In my time as a ministry leader, I have had successes, but I have also had failures. My biggest disaster in ministry occurred when I was leading an event planning team. One of my team members had voiced their desire to focus their attentions elsewhere and I just didn’t recognize their inclination to bow out of the team. I insisted they were gifted and that this was where they belonged – I did not listen. They had the skills, so they needed to stay.

This insistence left my team angry, hurt and confused. We didn’t have the desired impact and we wasted valuable time. Through my failure, I hope to guide you towards success.

Here are three questions to ask that will help you structure your ministry for success.


God has given me the privilege of being surrounded by people with immense talent. Under my leadership, some of these talented people were struggling. I couldn’t understand why. They had the skills and talents, so why wasn’t the ministry functioning like a well-oiled machine?

I needed to consider if this was actually the right ministry for them.

When you have a new paid or volunteer leader, be intentional about observing their involvement to see if adjustments are necessary. Ask yourself:

  • Are they excelling?
  • Is additional training needed?
  • Have we given them everything they need to succeed?
  • God, is it time for them to grow in something else?

We want our teams to grow both spiritually and in their skill sets. But we also need discernment and flexibility when it comes to maximizing people’s passions and resources. It is a disservice to those we lead to back leaders into a ministry corner, not recognizing that God may have other plans for their desire to serve.


Every ministry has some form of outreach. Whether planning an event, inviting someone to your service or organizing a giveaway of some kind, we have to spend time thinking about those we are going to impact.

  • What do the people we are trying to reach really need from us?
  • What really matters to them?

As a marketing leader, I have an affinity for making things look good. For a Thanksgiving dinner we were hosting, I wanted to make our event magazine worthy! But spending the extra money for high gloss paper vs matte paper or the extra hours needed to make ridiculously intricate centerpieces really doesn’t help the person who is hungry.

The person I am serving at said Thanksgiving dinner simply wants care and a meal. So before practical planning even starts, I need to ask, how do I use my talent in marketing to provide the those things, not just make the event look nice? That should be the focus. Considering the end goal first avoids wasting valuable resources and helps your ministry have a greater impact.


It amazes me how busy ministry is at times. Being tied to tasks and working feverishly day after day is not beneficial to you, your family or the people you lead. God does not want us burned out, nor can we truly serve Him with excellence when we are.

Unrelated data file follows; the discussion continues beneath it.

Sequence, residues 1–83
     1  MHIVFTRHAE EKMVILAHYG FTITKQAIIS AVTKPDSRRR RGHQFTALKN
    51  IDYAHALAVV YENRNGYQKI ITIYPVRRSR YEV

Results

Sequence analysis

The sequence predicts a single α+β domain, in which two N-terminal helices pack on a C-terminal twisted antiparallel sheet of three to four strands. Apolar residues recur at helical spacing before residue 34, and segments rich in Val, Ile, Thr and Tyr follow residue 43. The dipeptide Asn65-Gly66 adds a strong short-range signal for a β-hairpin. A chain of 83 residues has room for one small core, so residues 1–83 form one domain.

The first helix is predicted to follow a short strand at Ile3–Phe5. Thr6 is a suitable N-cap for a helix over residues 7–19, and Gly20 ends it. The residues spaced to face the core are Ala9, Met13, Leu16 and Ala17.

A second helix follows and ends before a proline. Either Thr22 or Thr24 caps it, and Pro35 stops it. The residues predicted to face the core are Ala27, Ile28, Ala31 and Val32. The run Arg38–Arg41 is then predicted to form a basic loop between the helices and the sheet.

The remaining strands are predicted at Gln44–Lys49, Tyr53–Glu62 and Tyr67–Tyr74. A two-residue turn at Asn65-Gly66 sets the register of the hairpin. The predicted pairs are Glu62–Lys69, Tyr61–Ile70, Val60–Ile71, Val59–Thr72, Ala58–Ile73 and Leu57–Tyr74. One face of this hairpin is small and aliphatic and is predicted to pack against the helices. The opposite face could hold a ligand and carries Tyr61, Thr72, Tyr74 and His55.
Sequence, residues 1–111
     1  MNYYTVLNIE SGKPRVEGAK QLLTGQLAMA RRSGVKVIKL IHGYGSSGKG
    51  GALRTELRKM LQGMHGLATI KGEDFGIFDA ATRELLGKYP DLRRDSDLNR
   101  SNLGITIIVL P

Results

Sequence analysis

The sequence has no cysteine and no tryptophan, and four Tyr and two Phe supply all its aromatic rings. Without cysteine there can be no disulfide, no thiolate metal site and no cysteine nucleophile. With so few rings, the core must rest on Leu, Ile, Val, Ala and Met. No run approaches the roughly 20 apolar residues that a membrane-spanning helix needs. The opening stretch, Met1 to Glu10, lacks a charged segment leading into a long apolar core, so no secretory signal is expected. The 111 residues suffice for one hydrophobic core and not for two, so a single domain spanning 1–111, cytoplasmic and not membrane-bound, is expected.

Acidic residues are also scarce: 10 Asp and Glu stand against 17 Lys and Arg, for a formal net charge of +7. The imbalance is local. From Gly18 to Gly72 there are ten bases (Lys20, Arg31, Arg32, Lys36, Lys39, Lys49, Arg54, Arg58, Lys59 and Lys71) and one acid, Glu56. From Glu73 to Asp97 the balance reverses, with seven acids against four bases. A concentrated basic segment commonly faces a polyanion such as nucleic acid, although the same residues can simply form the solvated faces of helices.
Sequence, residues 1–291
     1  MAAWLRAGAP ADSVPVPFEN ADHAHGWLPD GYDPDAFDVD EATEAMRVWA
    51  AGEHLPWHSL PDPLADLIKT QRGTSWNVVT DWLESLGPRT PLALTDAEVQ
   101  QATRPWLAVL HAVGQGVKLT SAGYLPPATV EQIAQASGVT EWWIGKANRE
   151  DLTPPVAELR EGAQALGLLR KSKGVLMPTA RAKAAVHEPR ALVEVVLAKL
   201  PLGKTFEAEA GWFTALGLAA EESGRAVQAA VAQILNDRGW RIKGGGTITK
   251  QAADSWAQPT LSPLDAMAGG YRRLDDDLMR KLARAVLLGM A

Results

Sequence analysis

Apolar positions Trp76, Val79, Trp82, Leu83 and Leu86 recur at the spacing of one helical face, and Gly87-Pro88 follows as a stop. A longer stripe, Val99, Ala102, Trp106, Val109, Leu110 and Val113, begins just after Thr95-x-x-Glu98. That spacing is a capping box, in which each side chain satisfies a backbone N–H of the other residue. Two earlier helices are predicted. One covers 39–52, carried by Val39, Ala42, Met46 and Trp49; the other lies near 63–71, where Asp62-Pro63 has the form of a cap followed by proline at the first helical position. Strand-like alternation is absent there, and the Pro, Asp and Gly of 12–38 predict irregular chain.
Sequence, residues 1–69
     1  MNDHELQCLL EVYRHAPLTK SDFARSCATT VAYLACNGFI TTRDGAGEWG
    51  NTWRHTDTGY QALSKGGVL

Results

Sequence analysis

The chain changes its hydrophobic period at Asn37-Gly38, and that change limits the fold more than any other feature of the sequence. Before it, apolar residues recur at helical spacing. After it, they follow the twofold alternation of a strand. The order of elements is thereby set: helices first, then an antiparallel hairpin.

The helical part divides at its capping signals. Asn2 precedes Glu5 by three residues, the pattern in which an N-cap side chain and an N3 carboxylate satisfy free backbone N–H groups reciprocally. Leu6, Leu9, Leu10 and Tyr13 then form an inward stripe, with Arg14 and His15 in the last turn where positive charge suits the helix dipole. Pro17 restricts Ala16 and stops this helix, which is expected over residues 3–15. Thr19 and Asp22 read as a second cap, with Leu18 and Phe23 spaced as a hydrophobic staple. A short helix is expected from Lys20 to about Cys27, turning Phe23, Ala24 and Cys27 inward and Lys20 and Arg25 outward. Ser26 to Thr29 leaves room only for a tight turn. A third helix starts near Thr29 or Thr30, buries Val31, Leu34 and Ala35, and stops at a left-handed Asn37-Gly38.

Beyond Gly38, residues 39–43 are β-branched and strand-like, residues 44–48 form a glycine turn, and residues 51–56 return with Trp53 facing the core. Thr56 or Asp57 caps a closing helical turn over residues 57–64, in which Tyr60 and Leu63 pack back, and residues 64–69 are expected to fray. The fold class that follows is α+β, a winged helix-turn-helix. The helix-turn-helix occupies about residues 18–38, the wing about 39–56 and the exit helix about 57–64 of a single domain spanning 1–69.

The right tools can help!

Paper is becoming a thing of the past. Technology is at your disposal, providing time and sanity saving methods for routine tasks. Start taking inventory of your day. Are there tasks you are doing multiple times or in multiple places? Technology can help streamline that process. For example, you could take the time to login and post the same thing on each of your social media channels. Or you could use a program like HootSuite that allows you to create and schedule posts for all your socials in one place.

Maybe you’re not using the technology you have to its full potential. Admittedly, new technology can be overwhelming. Have you wanted to shift your ministry or church staff to an online business communication platform like Slack but been too overwhelmed by the learning curve? Or do you continue to use multiple programs for things you know Planning Center Online can do all in one spot but you have no clue where to start? Take advantage of the free training and online tutorials most companies offer. Spending a few hours in training will save you and your ministry dozens of hours later.

Don’t be afraid of the “cloud.” The reality is that most churches don’t have the space necessary to store everything electronically nor is everyone able to come to the church to do what needs to be done. The cloud not only maintains that storage, but gives your team the freedom to access your programs remotely. How many people can you think of that want to serve in your ministry, but can’t physically be there all the time?

Cloud-based programs also provide “real-time” information that can be accessed anywhere at any time. Your team will always be working with the most up-to-date version. This dramatically reduces the risk of error.


Building the right team, thinking strategically and using the right tools are but a few ways to be successful in ministry. We must stay Great Commission focused. Without this focus, all of the above is done in vain. In all things be led by His spirit and His spirit alone.

And we know that God causes all things to work together for good to those who love God, to those who are called according to His purpose. Romans 8:28.

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Sarah Vega

Vitality Coordinator at EDA Move


  1. Kerry S. Doyal on September 24, 2020 at 2:12 pm

    Good stuff!


  2. John Nesbitt on September 24, 2020 at 2:03 pm

    Love this Sarah! Well done!!

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